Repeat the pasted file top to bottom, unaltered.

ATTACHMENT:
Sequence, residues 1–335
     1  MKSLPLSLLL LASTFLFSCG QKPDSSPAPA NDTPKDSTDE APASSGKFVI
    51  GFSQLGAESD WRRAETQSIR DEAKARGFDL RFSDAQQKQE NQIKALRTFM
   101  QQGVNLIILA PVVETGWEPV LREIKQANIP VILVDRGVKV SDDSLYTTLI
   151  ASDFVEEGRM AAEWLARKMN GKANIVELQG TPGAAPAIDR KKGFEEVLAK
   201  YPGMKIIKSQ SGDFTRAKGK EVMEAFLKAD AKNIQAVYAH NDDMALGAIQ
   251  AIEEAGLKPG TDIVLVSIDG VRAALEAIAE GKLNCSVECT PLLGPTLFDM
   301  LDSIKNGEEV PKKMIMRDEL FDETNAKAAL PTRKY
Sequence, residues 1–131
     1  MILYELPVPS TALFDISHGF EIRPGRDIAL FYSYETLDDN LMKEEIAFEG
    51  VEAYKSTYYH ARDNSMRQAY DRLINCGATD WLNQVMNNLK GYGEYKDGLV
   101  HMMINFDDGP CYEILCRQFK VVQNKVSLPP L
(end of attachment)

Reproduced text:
Sequence, residues 1–335
     1  MKSLPLSLLL LASTFLFSCG QKPDSSPAPA NDTPKDSTDE APASSGKFVI
    51  GFSQLGAESD WRRAETQSIR DEAKARGFDL RFSDAQQKQE NQIKALRTFM
   101  QQGVNLIILA PVVETGWEPV LREIKQANIP VILVDRGVKV SDDSLYTTLI
   151  ASDFVEEGRM AAEWLARKMN GKANIVELQG TPGAAPAIDR KKGFEEVLAK
   201  YPGMKIIKSQ SGDFTRAKGK EVMEAFLKAD AKNIQAVYAH NDDMALGAIQ
   251  AIEEAGLKPG TDIVLVSIDG VRAALEAIAE GKLNCSVECT PLLGPTLFDM
   301  LDSIKNGEEV PKKMIMRDEL FDETNAKAAL PTRKY
Sequence, residues 1–131
     1  MILYELPVPS TALFDISHGF EIRPGRDIAL FYSYETLDDN LMKEEIAFEG
    51  VEAYKSTYYH ARDNSMRQAY DRLINCGATD WLNQVMNNLK GYGEYKDGLV
   101  HMMINFDDGP CYEILCRQFK VVQNKVSLPP L